We steal stuff. I would like to tell you that Kip and I stay up all night coming up with crazy stuff to do to you guys but it isn’t true. Yes, we do analyze the latest exercises, break down what is fact and what is fiction, but rarely do we come up with something that someone, somewhere, hasn’t tried before. One of my favorite trainer/authors Dan John said in one of his books that all trainers steal. Nobody can claim coming up with any specific exercise or routine because we all take things from each other.
And with this I will introduce you to our latest blog. I stole it. It’s from another one of our favorite trainer/authors Alwyn Cosgrove. Alwyn is one of the top trainers in the county and has taught around the world. Instead of me putting my spin on this, I thought I would give it to you straight from someone much smarter than I. Tony
Muscles are just plain dumb. Despite their ability at some level to perform amazing Cirque De Soleil type feats, muscles only ‘know’ two things – stretch and tension. They can’t differentiate between stretches (whether the stretch is coming from yoga or from Taekwon-do kicking) or types of tension.
Let’s talk tension. As far as a fitness enthusiast is concerned, muscle tension comes when you place resistance on the muscles. And it doesn’t matter what form that resistance takes. You see, as far as the muscles are concerned, resistance is resistance is resistance. The muscles have no idea what form the resistance takes, whether it is a dumbbell, a resistance band, a barbell or your bodyweight. True, free weights are superior to machines when it comes to building strength, but it’s because free weights require you to stabilize the load in three planes, not because the weight on the muscles is any different. In fact when you think about it, the only reason to ever use external load (i.e. weights) is because your bodyweight is not enough resistance. Yet most guys are making exercises harder by adding external load, when they aren’t capable of handling their bodyweight in the same exercise. I’m constantly amazed by how many people I meet who can bench press whatever pounds of weight, but are unable to perform 10 correct push ups (typically due to a lack of core strength and synergistic muscle stability. As far as I’m concerned – unless you can do an easy twenty push ups, you have no business getting under a bar for bench pressing. In my training facility everyone begins with bodyweight exercises. You have to earn the right to lift weights in my facility.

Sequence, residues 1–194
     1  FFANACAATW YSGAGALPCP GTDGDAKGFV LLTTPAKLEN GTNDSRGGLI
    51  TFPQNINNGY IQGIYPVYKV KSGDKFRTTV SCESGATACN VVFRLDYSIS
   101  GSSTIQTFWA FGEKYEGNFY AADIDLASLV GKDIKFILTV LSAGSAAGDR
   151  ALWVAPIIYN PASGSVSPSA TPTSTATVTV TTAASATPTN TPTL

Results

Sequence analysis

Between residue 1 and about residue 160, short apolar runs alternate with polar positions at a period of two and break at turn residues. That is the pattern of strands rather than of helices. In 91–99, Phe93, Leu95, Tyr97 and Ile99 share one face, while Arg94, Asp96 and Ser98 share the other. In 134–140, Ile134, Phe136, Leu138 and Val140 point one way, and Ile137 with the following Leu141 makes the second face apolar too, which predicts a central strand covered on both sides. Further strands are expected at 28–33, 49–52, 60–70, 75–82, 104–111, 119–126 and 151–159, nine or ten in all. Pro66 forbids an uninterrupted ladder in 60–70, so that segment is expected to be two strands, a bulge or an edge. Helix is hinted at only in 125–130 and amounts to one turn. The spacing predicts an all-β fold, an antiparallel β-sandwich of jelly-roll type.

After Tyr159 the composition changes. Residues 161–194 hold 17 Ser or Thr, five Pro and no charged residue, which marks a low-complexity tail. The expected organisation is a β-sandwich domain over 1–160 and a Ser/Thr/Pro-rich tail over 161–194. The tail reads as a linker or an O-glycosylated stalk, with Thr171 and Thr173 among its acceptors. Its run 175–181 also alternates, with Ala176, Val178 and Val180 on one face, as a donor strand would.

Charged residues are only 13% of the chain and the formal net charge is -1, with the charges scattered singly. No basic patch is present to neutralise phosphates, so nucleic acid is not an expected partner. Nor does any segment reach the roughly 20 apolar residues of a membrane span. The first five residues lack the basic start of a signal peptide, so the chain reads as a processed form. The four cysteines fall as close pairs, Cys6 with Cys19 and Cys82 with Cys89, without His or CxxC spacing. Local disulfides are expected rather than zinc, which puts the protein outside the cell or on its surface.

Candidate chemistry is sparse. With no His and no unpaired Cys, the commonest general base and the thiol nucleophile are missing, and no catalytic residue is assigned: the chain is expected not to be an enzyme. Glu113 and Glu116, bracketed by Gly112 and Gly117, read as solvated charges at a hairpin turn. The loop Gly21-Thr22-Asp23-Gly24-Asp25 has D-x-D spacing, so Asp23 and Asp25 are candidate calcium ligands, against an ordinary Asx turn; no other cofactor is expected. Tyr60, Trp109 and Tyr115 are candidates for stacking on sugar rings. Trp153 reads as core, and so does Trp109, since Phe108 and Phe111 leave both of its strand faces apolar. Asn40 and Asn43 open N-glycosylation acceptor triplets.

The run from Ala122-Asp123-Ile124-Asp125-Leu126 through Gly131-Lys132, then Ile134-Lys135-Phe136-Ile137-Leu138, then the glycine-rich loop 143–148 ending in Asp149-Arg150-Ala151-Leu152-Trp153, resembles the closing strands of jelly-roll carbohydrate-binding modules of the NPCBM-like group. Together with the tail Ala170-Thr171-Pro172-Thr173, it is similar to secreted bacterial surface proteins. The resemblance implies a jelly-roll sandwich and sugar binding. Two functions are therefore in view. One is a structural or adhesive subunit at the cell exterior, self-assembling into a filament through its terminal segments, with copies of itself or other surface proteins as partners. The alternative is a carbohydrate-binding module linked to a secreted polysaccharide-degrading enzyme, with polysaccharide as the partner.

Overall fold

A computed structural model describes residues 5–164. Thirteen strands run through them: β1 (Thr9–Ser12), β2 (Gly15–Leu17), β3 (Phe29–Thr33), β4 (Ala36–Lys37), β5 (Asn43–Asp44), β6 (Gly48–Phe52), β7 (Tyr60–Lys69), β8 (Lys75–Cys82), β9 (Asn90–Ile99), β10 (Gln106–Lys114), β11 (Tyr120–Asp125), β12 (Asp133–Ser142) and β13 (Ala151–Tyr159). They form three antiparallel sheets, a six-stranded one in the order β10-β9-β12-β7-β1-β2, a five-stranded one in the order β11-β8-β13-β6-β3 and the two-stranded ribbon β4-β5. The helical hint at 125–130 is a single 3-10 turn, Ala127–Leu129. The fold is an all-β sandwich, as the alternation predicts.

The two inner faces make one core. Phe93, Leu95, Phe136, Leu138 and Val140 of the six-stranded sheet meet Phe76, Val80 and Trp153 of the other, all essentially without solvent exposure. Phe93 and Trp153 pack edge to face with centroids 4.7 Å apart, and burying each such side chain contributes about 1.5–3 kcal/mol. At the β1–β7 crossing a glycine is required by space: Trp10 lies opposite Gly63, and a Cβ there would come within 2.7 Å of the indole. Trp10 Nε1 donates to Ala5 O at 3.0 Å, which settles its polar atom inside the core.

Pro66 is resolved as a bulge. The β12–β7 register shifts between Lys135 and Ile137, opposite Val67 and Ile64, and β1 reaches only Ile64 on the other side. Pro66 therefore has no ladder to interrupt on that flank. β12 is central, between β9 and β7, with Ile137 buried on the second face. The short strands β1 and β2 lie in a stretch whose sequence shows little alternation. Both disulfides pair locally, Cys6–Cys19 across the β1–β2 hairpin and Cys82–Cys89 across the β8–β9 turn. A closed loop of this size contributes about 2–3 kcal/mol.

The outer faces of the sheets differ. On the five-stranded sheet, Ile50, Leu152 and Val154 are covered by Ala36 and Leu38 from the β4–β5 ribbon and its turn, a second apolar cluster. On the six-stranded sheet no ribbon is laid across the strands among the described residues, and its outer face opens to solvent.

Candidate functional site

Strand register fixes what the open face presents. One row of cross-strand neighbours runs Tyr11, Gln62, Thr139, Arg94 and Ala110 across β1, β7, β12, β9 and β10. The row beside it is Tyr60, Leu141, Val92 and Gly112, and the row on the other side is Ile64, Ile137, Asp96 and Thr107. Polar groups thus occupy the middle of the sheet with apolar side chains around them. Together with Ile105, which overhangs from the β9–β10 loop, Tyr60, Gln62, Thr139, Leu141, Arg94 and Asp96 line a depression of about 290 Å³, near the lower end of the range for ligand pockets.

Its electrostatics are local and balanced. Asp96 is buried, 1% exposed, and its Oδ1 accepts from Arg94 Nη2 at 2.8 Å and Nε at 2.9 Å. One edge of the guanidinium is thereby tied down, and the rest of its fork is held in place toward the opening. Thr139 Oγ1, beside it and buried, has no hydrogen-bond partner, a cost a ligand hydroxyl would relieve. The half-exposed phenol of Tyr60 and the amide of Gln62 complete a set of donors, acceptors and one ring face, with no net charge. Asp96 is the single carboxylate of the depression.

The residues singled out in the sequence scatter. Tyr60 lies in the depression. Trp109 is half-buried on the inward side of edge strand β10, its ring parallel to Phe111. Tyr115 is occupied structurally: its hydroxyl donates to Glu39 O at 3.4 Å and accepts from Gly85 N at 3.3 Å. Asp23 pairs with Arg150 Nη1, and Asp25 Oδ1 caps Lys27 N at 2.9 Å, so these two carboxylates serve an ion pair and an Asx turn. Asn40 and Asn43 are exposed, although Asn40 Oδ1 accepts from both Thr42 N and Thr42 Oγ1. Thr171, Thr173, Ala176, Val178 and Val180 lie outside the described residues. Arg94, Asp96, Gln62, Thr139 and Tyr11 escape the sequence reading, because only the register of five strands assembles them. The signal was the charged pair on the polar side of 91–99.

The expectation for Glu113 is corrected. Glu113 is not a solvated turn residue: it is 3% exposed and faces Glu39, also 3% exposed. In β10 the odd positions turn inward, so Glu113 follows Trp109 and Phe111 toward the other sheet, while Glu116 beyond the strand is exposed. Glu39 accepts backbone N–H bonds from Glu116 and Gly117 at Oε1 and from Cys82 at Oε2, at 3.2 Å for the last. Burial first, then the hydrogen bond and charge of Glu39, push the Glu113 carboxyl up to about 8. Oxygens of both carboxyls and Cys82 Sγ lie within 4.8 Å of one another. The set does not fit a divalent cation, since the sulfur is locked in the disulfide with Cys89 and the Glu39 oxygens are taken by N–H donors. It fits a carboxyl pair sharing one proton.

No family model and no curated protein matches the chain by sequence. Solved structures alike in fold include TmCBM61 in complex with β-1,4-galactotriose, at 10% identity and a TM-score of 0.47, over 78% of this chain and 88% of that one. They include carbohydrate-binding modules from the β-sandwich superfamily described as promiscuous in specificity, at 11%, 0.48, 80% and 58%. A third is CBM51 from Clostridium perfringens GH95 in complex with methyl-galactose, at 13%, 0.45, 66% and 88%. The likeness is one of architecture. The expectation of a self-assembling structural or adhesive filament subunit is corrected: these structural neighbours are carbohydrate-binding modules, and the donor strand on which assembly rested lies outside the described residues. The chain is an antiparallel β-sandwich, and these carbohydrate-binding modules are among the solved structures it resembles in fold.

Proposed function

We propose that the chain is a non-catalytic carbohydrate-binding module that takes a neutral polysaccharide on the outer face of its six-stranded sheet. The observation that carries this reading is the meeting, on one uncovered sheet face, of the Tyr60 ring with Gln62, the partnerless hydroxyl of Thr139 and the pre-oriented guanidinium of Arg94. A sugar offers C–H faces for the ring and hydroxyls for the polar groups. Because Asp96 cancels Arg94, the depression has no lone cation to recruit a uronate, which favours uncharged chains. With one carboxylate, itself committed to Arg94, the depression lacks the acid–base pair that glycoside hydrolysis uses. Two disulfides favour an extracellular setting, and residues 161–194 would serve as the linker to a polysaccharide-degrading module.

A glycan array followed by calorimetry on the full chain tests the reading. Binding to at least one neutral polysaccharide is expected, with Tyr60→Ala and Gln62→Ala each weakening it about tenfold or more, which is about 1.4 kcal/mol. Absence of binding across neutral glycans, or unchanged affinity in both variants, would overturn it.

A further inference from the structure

Now I’m sure some of you are jumping up and down right about now, convinced that your bodyweight is not enough for you to get a ‘good workout’. You think you’re much too strong. And you’re probably right. If you’re an Olympic Gymnast that is. Remember – most gymnasts use primarily their bodyweight in their conditioning programs and have no problem developing great physiques and great strength levels. I’d go as far as to say that most gymnasts have better physiques than most weight trainers. And these guys train exclusively for performance – not for mass or aesthetics. Nick Grantham CSCS, former conditioning coach to the Great Britain Olympic Gymnastics team noted that the majority of male gymnasts, after years of bodyweight training could typically bench press double their bodyweight the first time they ever tried it. If that’s not evidence of the efficacy of bodyweight training then I don’t know what is.
The key to effective bodyweight exercises are the same as with any exercise – time and tension. We need to select exercises that load the muscles effectively through the entire range of motion, and select a speed of movement that eliminates all momentum.